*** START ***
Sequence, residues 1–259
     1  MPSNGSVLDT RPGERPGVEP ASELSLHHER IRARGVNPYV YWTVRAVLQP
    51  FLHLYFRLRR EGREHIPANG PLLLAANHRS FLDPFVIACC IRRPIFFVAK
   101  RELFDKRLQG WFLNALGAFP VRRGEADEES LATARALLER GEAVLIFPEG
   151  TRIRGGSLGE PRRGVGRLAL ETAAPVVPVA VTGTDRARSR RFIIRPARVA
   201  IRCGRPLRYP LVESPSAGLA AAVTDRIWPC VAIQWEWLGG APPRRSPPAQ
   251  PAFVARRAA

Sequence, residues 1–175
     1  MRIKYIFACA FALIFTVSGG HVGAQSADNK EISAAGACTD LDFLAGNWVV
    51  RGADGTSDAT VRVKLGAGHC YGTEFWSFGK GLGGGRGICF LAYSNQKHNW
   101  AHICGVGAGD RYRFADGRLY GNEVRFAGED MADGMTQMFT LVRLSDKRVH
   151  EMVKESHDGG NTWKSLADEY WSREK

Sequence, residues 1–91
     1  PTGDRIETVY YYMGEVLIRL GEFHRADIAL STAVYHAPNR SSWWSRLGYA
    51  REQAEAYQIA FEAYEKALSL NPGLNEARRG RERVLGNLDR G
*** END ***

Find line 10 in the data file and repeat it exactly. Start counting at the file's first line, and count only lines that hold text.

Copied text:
    51  RGADGTSDAT VRVKLGAGHC YGTEFWSFGK GLGGGRGICF LAYSNQKHNW